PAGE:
Click over to Gizmodo for details on how this was filmed. A few quick thoughts:
1) this is not CGI, it’s real. Wow.
2) America used to lead the world in building cool stuff like this. We don’t do it anymore. Why? Can’t or won’t?
And in a really cool tribute, the restaurant shown on last episode of The Sopranos made a simple but elegant gesture.
They reserved THE table. This was the table where Gandolfini filmed the most memorable scene of his life. The one where Tony faded to black.
“On the twenty-fourth of May 1844, Professor Samuel F. B. Morse, seated amidst a hushed gathering of distinguished national leaders in the chambers of the United States Supreme Court in Washington, tapped out a message on a device of cogs and coiled wires:
WHAT HATH GOD WROUGHT
Forty miles away, in Baltimore, Morse’s associate Alfred Vail received the electric signals and sent the message back. The invention they had demonstrated was destined to change the world. For thousands of years messages had been limited by the speed with which messengers could travel and the distance at which eyes could see signals such as flags or smoke. Neither Alexander the Great nor Benjamin Franklin (America’s first postmaster general) two thousand years later knew anything faster than a galloping horse. Now, instant long-distance communication became a practical reality.”
Excerpt From: Daniel Walker Howe. “What Hath God Wrought: The Transformation of America, 1815-1848.” Oxford University Press, 2007 Pulitzer Prize winner
At the Bharat Sanchar Nigam Limited (BSNL), India’s state-owned telecom company, a message emerges from a dot matrix printer addressing a soldier’s Army unit in Delhi. “GRANDMOTHER SERIOUS. 15 DAYS LEAVE EXTENSION,” it reads. It’s one of about 5,000 such missives still being sent every day by telegram – a format favored for its “sense of urgency and authenticity,” explains a BSNL official.
That missive will come 144 years after Samuel Morse sent the first telegram in Washington, and seven years after Western Union shuttered its services in the United States. In India, telegraph services were introduced by William O’Shaughnessy, a British doctor and inventor who used a different code for the first time in 1850 to send a message.
At their peak in 1985, 60 million telegrams were being sent and received a year in India from 45,000 offices. Today, only 75 offices exist, though they are located in each of India’s 671 districts through franchises. And an industry that once employed 12,500 people, today has only 998 workers.
One of them is R.D. Ram, who has been working in the Delhi office for 38 years. “They will now move me to another department where I will feel like a fresher [beginner],” he complains.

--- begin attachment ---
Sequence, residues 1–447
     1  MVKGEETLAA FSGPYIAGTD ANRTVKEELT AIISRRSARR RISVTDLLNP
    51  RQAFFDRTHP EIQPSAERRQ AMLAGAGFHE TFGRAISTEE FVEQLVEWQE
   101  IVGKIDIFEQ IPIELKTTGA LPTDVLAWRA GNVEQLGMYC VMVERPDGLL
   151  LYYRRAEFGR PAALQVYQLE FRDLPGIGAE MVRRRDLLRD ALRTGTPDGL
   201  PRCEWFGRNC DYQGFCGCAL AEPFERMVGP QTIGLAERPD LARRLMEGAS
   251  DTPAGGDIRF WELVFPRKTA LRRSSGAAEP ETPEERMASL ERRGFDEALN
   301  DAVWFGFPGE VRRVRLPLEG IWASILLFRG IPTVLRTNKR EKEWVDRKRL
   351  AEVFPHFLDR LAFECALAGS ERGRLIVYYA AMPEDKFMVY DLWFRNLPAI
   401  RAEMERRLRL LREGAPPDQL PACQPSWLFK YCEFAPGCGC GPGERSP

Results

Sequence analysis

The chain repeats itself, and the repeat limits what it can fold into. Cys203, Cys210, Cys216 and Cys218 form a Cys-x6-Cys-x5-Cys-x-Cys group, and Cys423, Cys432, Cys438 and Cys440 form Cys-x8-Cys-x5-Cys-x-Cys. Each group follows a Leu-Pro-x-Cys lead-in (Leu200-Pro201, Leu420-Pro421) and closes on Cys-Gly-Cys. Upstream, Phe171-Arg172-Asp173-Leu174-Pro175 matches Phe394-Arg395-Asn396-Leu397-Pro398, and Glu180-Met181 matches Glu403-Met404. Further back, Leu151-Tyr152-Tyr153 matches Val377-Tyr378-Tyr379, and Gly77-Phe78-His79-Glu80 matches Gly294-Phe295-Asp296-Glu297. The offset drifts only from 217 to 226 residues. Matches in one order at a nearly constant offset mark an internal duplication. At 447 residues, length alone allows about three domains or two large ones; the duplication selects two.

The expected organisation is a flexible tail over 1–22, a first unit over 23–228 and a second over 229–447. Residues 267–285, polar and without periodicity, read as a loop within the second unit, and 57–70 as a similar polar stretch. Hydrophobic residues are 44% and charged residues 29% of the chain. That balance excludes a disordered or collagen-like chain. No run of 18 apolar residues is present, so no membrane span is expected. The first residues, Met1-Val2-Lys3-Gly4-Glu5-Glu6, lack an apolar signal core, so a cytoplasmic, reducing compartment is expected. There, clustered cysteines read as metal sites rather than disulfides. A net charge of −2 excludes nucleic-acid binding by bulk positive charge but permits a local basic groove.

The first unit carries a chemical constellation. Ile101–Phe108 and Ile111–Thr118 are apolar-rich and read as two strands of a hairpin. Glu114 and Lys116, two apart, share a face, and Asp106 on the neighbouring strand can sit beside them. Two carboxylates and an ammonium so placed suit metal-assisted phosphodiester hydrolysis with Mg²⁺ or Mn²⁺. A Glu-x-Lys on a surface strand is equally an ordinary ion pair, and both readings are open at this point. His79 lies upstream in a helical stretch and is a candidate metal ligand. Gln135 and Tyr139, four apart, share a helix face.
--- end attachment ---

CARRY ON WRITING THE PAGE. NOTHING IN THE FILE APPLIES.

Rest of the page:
Mr. Ram once learned the Morse code technology for telegraphy, but today oversees staff who type out and send telegrams over a Web software. He tries to put up a spirited defense of the obsolete technology in the age of the smartphone, arguing that mobile penetration is much lower than it is hyped to be. Mobile penetration is indeed a dismal 26 percent, but even in the remotest village, at least someone has a phone.
Do you ever feel like you’re always running into people with your birthday? It might not be you; it might be the date that you were born. Matt Stiles’ birthday heat map gives us a picture of which birthdays are the most and least common in the United States.
Stiles used a table that ranks birthdays for people born between 1973 and 1999, which you can view at the New York Times. The darker colors indicate the date has a lower-numbered birthday rank and the lighter colors a higher-numbered birthday rank. February 29th and December 25th were ranked 366th and 365th in rank, respectively, while September 16th was the most common birthday. One thing is clear from Stiles’ visualization of the data: card-shopping season has just begun.
Based on this chart, Lane Harrison has created an interactive chart with both the birthdate ranks and the approximate conception ranks
Which brings us to the Birthday Paradox. How many people do you need to have crammed into a room before the odds favor two of you sharing the same birthday? You’d think, given 365 days in a year, that it would need to be around 180. you’d be wrong. The answer is a mere 23 to have a fifty-fifty shot. To bring the probability to ninety-nine percent, you need a crowd of only fifty-seven people.
Explanation here. Warning: math and statistics involved.
What are the most common causes of death throughout the entire 20th Century? Over at Information is Beautiful, designer David McCandless has whipped up a stunning infographic that helps visualize the answer.
Click to embiggen.